Monday, 28 May 2018

David Bowie - Station To Station (1976)

The European canon is here....


Released on 23 January 1976

Recorded in Los Angeles

Running time 38:21

By 1976, the cocaine-addled David Bowie had start to leave behind his supposed "white soul" experiment that resulted in 1975's Young Americans album and, ditching the powder blue suits, reinvented himself as "The Thin White Duke" complete with accusations of giving Nazi salutes at London's Victoria Station and giving out various pretentious pronouncements about the state of global politics and so on. Bowie's persona was not a particularly pleasant one at this time, however, indulged by an adoring media (despite the goldmine that punk was about the give them) and still extremely drug-ravaged he managed to come up with this work of genius. Ever the enigma inside a riddle or whatever the saying is. The great chameleon changeling had done it again.

It was, though, a somewhat difficult album to analyse. It is simultaneously accessible yet darkly impenetrable, a merging of "krautrock", white funk, white soul and a bit of pop sensibility. Influences are clear, from Neu! and Kraftwerk especially, that chugging, electronic "motorik" metronomic beat that those groups utilised. In my view, and indeed that of many others, the supposed "Berlin Trilogy" began here, for sure. Station To Station really should be included alongside Low, "Heroes" and Lodger. Then again, however, those European influences are only really obvious on the title track. The other songs still carry quite a bit of the funk, rhythmic and soulful feel of the previous album. It is, despite its obviously dark, dense and intense opener, not quite as oppressive and sparse an album as popular opinion would have it. It is certainly no "Heroes". What it does provide, I guess, is the bridging point between the funk/soul of Young Americans and the sparse soundscapes of Low. It was recorded in sunny Los Angeles too, not dreary Berlin.

Lyrically, it is extremely sombre, with Bowie being influenced by occultism, philosophy and dark mythology, the works of Nietzsche and Aleister Crowley. Bowie said of the album, some twenty years later -

"....First, there's the content, which nobody's actually been terribly clear about. The "Station to Station" track itself is very much concerned with the stations of the cross. All the references within the piece are to do with the Kabbalah. It's the nearest album to a magick treatise that I've written. I've never read a review that really sussed it. It's an extremely dark album. Miserable time to live through, I must say...."

Maybe Bowie was still on the drugs when he said that....

I guess Bowie was right, none of us will ever really get it, possibly not being in tune with whatever "magick treatises" are. I almost feel that the lyrics could be anything on these songs, it is the overall ambience that takes over. The lyrics are unfathomable at times, but therein lies their intriguing appeal. Since when have Bowie's lyrics ever been straightforward, anyway?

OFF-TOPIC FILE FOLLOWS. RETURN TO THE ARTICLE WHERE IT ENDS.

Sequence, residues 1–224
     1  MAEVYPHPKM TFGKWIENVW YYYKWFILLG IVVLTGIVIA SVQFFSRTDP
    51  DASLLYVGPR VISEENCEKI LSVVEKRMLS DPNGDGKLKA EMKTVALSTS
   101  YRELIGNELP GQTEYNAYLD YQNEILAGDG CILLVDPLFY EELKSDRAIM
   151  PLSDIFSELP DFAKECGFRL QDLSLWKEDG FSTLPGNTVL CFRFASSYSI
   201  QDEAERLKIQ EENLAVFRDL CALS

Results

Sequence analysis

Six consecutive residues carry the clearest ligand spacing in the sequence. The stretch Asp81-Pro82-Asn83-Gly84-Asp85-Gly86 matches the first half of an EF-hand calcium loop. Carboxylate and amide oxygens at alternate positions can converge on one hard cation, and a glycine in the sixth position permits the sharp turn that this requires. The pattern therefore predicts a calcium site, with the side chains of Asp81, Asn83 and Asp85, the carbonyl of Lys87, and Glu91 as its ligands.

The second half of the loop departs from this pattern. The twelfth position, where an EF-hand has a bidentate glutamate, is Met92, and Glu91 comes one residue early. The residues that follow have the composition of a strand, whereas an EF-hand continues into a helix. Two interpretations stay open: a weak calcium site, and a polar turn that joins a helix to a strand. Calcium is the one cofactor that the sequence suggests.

1. Station To Station

2. Golden Years
3. Word On A Wing
4. TVC15
5. Stay
6. Wild Is The Wind   

Station To Station - here we went then, getting on the trans-Europe train with the monochrome “Thin White Duke”. It all began with this, Bowie’s longest-ever track.

It is overflowing with Krautrock Kraftwerk influences, particularly in its slow building first half, where chugging train noises give way to industrial piano, drums and rhythm guitar. This is all very dense, sparse and stark. The second half of the song finds it going far more upbeat after five minutes with the “once there were mountains” part that eventually morphs into the concluding “the European canon is here” refrain. All the parts of the track are really atmospheric and, although minimalist in essence, it seems as if it is full of activity. From its initial throbbing bass, two note piano and then thumping drums it is a vibrant delight of inventive ingenuity.

Bowie also addresses his drug habit head-on with the “it’s not the side effects of the cocaine” line.

Quite what the song was all about is unclear and, for me, no amount of analysis, and I have read lots, will change that. It remains a mystery. What is probably not in doubt is that Bowie wanted to escape his drug-addled US hell and start again in the fresh, rarified European air. It would be something that would serve him well over the next few years.

Golden Years was the album’s hit single and it was a soulful throwback to the Young Americans album with its infectious vocals and polished, light funky backing. Bowie famously sung (mimed) this on the famed US soul TV show Soul Train (see the clip below).

It is a great song that you can’t help singing along to and one that sticks in the brain. It is chock full of hooks and is so nostalgic for me of the autumn of 1975.

It remains a bit at odds with the album’s other material, however. It sort of acts as Bowie’s goodbye to his short-lived soul era, to an extent. It pre-dates the album’s other songs by several months.

Word On A Wing was apparently born out of Bowie’s cocaine-addled despair as he tried to make sense of the “scheme of things”. Pianist Roy (E St. Band) Bittan contributes a most attractive and melodic backing to the song, sounding quite different to his E St. work. A lovely deep bass underpins the song and Bowie’s vocal is deeply moving, far lower in tone than it often is, at times, in the song.